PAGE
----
Since relative systems were strongly tied to choral chants, and humans typically sing one note at a time (with Tibetan throat-singing being an exception) it wasn’t necessary to indicate simultaneous notes on a staff in the same way as one might for an instrument with several strings that are strummed at once.

This sample of Byzantine music illustrates how notes are expressed relative to one another with a concise set of basic symbols, rather than being laid out as ovals on a musical staff. Note that some of the symbols are drawn in red, like the ell-shape that resembles Greek gamma. This is called a gorgon and there are rules for whether it is placed above or below the associated symbol, just as the VMS has rules for whether a glyph appears at the beginning, middle, or end of a token, and additional rules for its associate-glyphs.

Now imagine if you were to transliterate this musical notation into an alphabet system. One might take a symbol like the gorgon and place it before or after its associated symbol, rather than above or below. This calls to mind the highly frequent “o” symbol in the VMS, which is often at the beginnings of V-words, and frequently precedes EVA-t or -k. Note also that this notation system is very rule-based and would exhibit many positional characteristics if rendered as text.

Byzantine music was documented in this 18th-century Serbian manuscript held in Greece (Schoyen MS 1897) and I include it because a variety of whorled diagrams were not uncommon in books of music.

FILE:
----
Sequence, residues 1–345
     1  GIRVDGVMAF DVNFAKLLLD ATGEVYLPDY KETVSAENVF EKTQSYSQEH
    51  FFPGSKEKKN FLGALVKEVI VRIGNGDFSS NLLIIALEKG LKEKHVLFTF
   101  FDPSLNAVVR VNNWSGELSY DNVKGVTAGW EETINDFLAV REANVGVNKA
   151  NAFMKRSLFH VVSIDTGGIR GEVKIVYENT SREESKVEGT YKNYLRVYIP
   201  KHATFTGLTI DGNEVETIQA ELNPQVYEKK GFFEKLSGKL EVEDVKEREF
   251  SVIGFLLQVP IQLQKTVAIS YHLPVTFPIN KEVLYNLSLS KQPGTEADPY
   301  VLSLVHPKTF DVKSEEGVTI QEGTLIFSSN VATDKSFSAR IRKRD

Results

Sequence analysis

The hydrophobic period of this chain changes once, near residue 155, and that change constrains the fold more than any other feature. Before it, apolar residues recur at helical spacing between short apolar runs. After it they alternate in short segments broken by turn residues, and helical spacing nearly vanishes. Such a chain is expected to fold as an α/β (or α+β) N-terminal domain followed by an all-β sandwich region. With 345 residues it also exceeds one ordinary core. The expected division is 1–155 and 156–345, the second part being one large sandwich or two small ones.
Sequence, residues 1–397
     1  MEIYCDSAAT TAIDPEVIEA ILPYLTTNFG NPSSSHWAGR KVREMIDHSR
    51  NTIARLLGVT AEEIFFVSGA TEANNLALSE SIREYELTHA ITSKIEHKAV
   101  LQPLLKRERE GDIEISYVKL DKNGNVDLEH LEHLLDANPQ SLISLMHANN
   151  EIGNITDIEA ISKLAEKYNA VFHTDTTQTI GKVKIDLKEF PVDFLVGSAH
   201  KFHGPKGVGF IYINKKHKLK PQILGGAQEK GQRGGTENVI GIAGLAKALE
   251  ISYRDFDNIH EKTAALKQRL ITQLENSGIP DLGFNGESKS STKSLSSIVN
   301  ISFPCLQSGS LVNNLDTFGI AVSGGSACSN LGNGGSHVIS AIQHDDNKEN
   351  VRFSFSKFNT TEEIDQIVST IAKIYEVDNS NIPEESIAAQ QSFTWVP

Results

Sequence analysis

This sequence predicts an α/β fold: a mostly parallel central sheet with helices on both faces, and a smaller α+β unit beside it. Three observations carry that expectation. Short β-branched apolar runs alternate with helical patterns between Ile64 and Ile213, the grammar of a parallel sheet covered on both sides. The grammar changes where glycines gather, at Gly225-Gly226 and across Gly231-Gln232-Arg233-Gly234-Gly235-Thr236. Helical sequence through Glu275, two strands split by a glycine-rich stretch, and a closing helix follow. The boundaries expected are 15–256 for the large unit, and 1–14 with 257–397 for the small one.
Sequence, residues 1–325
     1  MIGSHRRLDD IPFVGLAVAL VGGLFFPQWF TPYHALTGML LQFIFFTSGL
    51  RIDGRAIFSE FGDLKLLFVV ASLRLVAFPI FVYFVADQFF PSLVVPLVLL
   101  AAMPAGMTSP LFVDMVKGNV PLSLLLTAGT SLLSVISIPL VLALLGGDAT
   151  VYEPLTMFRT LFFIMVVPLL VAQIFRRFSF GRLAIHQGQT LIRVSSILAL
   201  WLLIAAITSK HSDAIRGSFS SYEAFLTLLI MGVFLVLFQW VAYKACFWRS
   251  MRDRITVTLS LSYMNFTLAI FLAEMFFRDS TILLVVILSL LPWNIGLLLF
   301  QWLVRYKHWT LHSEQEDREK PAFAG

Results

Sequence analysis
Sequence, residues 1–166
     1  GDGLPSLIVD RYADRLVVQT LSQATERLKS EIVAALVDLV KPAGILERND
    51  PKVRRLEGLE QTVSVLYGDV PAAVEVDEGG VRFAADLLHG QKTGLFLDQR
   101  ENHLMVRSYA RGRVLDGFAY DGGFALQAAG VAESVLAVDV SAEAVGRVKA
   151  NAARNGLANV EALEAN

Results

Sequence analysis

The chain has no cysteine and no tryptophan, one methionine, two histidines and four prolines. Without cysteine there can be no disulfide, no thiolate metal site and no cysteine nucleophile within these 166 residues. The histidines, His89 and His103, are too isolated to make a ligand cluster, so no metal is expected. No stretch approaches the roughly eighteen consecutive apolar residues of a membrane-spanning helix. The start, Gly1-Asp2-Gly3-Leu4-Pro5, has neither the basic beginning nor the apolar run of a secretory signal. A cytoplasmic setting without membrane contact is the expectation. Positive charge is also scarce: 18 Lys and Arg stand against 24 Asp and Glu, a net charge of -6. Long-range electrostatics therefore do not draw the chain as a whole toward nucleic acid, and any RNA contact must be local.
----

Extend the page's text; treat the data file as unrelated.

There was a particular interest in relating “music of the spheres” to cosmological concepts in the Middle Ages and Renaissance, so some of the whorled and wheel-with-spokes images reflect these ideas, and the shapes became iconic designs found in many music manuscripts to describe these and other concepts. Wheels were also used to illustrate a variety of tonal systems.

In fact, it doesn’t surprise me that composer Edward Elgar chose symbol positions for his Dorabella cipher that appear to rotate through eight angles, the same number of tones as in a basic western scale (do, re, mi, fa, sol, la, ti, do).


There was a large body of relative notation in the early middle ages, but musical instruments improved (along with our ability to play them) and the staff system (which could more readily accommodate simultaneous multiple notes), gradually superseded it. The algorithmic quality of relative notation was almost forgotten.

I know that people have assigned notes to the VMS glyphs and played them as music (I’ve done this myself), but relative notation isn’t about assigning a tone or chord per glyph, it’s a prioritized system describing tone, duration, direction of the pitch, and nuance, and the modifiers are applied in a certain order (and sometimes change based on what is being combined). When you scan it visually, it is concise, repetitive, and positional, as is Voynichese. It’s the closest analogy I’ve seen to the structure of the VMS text, and I wasn’t even planning to mention it until I had more time to explore it, but extra time doesn’t seem to be coming my way.